Thursday, June 17, 2021

Anduril & Defense Tech

The last year has demonstrated repeatedly the lack of societal preparation for multiple forms of threats to our country and world. Examples of this include issues responding to the COVID pandemic, the cybersecurity ransomware attacks on critical US infrastructure such as our energy systems and food supply, and of course the ongoing issue of climate change[1]. In parallel, new technologies are increasingly being used by antagonistic groups and countries for terror and war. Drone attacks on international oil pipelines and their use in regional conflicts has increased dramatically in the last few years, as have drone related incidents and accidents around airports, sports stadiums, and infrastructure such as power plants. 

Just as old incumbent institutions with little to no organizational renewal impacted our ability to respond to COVID, the defense industry has undergone significant consolidation over the last 30 years. There has not been a new defense technology company of any scale to directly challenge these incumbents in many decades (SpaceX and Palantir are obviously sizeable ~20-year old “newer” entrants in adjacent areas).

One exciting newer defense technology company that is working on building capabilities around sensor-based awareness and anti-drone activities is Anduril. I am excited to lead their latest round of funding. Anduril will use this funding in part to drive new acquisitions, as well as an ongoing ramp in their team and business. Their main solutions currently include a series of sensor networks, towers, drones, and powerful software that ties it all together - whose potential uses include protecting our troops on base, defending our energy infrastructure, combating wildfires, stopping human traffickers, creating a “virtual border” (a rare bipartisan idea), and fighting drug cartels. Many of these potential uses can directly save lives.

In addition to Anduril, a number of large technology incumbents (such as Salesforce, Microsoft, and Amazon) and leading startups (Applied Intuition, SpaceX, Scale.AI, and others) continue to provide their technologies to enable our defense and intelligence services.

To try to understand this world better, and as part of investing further in Anduril, I interviewed a number of former high level individuals involved with our country’s defense and related policy. A number of people told me they found these interviews interesting, so I am sharing them here[2].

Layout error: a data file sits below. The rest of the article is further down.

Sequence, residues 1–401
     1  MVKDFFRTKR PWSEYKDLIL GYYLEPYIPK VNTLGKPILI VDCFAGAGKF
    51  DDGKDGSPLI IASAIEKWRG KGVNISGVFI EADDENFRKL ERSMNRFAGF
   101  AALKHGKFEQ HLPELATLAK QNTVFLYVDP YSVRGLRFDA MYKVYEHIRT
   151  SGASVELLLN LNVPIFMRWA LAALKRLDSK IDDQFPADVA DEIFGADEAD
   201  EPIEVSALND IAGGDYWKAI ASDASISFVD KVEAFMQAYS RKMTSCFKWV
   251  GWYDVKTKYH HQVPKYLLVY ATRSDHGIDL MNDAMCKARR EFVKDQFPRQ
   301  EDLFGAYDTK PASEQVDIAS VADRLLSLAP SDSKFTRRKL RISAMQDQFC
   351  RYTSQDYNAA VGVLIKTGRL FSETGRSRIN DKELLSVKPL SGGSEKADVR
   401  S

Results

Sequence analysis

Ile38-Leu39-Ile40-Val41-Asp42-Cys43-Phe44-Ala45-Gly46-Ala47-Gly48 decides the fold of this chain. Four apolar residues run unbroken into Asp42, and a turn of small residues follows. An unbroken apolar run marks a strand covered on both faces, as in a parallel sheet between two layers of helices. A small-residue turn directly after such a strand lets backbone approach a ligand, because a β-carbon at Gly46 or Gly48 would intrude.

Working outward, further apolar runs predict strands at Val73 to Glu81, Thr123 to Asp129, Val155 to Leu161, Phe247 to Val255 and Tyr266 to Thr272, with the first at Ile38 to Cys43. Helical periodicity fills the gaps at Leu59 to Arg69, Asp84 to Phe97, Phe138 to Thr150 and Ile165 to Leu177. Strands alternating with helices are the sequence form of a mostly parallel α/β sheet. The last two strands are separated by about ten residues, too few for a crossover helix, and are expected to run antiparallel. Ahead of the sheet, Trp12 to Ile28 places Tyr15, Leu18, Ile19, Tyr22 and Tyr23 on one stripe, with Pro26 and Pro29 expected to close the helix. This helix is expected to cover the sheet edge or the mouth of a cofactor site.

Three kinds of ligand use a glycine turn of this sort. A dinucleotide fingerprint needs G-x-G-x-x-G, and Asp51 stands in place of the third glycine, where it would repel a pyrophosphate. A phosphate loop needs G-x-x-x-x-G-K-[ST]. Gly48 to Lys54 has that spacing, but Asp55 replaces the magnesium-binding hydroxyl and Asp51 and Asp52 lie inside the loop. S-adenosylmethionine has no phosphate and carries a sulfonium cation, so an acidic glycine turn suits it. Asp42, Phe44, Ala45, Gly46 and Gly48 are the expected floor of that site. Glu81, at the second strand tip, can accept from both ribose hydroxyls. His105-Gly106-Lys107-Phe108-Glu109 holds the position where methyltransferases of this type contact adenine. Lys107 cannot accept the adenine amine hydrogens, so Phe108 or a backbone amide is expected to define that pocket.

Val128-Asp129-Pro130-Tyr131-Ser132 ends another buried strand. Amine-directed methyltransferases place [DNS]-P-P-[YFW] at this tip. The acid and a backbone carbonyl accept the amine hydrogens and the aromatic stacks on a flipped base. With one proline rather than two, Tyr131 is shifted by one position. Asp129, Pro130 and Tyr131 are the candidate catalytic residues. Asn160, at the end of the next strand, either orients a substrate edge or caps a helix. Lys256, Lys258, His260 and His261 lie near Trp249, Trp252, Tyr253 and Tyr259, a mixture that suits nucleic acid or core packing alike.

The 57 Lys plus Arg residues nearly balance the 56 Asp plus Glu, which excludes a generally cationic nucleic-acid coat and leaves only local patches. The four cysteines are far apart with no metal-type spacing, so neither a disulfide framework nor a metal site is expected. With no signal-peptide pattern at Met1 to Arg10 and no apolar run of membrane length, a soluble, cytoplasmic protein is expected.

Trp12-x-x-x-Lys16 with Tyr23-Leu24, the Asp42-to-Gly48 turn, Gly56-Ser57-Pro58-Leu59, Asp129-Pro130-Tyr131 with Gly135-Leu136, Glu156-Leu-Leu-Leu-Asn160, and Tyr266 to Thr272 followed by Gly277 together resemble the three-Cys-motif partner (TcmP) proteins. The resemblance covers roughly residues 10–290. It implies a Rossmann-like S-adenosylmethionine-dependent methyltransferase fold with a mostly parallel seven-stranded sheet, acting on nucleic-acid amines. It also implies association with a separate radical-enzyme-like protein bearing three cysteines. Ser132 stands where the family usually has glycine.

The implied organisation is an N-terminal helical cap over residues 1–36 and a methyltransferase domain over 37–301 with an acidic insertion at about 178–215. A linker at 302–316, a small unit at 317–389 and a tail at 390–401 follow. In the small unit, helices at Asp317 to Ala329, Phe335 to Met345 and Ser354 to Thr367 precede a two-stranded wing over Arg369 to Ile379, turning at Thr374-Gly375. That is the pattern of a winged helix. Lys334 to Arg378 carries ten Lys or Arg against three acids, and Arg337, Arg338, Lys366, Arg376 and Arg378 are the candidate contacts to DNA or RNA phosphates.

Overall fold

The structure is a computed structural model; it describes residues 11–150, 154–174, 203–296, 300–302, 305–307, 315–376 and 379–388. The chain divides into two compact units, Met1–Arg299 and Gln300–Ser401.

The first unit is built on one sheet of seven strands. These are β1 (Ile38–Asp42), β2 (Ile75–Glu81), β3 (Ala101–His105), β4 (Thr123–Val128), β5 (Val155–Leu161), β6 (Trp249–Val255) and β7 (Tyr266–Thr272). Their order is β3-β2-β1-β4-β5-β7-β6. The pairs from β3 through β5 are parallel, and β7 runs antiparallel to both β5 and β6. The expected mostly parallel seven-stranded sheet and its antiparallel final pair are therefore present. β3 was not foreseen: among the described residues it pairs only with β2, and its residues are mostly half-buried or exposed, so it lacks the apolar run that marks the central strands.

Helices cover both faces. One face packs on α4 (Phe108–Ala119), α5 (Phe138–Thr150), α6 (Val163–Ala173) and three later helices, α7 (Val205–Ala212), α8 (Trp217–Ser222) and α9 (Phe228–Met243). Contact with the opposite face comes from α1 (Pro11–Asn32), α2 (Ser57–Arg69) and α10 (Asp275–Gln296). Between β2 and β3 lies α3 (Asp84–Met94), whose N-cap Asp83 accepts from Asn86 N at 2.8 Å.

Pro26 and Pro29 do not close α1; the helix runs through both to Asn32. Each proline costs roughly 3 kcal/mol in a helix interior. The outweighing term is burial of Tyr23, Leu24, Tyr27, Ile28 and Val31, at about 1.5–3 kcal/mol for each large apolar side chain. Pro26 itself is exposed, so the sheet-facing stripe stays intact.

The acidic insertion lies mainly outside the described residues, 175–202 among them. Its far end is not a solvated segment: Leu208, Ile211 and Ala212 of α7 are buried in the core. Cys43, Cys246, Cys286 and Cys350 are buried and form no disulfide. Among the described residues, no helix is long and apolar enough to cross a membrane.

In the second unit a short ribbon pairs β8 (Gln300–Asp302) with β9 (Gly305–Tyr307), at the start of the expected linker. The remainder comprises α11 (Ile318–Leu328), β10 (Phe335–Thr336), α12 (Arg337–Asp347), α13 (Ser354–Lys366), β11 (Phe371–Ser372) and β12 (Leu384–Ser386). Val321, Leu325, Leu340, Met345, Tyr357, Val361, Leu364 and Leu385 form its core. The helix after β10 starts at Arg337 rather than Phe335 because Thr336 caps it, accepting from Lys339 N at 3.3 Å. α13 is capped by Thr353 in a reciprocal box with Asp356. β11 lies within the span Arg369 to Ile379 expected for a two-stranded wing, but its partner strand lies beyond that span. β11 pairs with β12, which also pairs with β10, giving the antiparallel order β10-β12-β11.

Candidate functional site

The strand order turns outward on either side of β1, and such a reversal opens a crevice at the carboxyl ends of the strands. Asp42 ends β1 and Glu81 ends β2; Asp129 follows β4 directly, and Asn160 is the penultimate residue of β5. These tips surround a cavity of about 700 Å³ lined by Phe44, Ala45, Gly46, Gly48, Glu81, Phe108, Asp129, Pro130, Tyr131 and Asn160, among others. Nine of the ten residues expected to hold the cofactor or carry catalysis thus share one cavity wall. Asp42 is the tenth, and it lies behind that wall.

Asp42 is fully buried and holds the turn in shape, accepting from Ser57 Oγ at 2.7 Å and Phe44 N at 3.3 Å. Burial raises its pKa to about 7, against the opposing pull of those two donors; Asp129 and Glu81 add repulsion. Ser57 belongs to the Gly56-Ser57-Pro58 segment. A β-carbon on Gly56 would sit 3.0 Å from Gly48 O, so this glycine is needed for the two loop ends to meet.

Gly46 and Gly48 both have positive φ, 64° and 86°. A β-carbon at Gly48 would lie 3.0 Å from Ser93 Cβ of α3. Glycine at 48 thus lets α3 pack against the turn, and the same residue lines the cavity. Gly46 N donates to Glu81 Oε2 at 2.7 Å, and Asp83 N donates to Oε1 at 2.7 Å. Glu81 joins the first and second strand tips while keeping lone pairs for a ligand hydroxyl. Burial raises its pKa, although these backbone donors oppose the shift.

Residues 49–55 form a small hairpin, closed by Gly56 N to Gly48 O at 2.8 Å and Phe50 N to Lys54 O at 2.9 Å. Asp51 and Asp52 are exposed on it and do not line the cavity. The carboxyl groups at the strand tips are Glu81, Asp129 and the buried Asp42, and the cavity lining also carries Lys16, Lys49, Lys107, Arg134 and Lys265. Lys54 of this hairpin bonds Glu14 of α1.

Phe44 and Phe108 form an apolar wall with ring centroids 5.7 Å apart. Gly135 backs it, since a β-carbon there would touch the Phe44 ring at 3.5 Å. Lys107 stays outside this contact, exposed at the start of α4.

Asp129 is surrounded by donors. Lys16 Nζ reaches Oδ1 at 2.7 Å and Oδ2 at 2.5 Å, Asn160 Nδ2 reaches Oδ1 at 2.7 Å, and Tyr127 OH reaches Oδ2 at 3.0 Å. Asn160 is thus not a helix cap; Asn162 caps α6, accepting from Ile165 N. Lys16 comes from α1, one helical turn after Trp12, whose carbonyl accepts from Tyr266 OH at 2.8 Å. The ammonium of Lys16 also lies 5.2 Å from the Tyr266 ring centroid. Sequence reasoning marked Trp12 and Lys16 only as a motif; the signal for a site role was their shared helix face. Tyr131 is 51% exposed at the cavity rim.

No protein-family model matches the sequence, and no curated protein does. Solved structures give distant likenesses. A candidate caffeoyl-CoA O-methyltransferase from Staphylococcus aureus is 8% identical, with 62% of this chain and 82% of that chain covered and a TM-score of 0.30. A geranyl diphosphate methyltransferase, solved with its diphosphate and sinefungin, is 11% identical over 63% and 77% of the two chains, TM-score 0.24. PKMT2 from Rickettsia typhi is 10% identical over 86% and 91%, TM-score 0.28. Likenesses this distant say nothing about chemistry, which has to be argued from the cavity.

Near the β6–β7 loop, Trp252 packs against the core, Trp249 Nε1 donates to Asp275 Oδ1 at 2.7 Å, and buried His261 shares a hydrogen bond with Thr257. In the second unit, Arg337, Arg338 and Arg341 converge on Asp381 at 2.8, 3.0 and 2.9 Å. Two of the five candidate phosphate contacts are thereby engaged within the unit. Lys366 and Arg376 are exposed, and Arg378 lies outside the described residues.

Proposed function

I had a number of takeaways from these conversations. One of my biggest takeaways was the degree to which national defense was truly a bipartisan issue. Democrats and Republicans both believe that technology can be used to protect our families, friends, and neighbors at home as well as members of our military and intelligence communities overseas. Both sides believe that transparency into what is happening around the world is critical, and technologies that increase that transparency are ones we should invest in. And both sides agree that the days of America’s military having the best technology may be coming to a close, and that “business as usual” won’t save us. “I think we need a better ecosystem to work within, Retired Major General Vincent Coglianese told me. “You need to have this nimble relationship with technology.” He, and everyone else I talked to, believe that Anduril is an important player in that shift.

A subset of conversations are excerpted here with permission of the people I interviewed.

  1. Eric Snelgrove, former Professional Staff Member with the House Armed Services Committee and Minority Staff Lead of the Intelligence, Emerging Threats and Capabilities (IETC) Subcommittee.

  2. Katie Wheelbarger, former Assistant Secretary of Defense for International Security Affairs.

  3. Retired Major General Vince Coglianese, the former Commander of Marine Corps Installations Command.

  4. Tina Chong, former Army Captain.

Read the interviews here.


[1] I am actively looking to invest in Climate Change related companies, with an emphasis on software and data analytics related tooling, or carbon capture technologies.

[2] These discussions have been edited down for clarity and conciseness.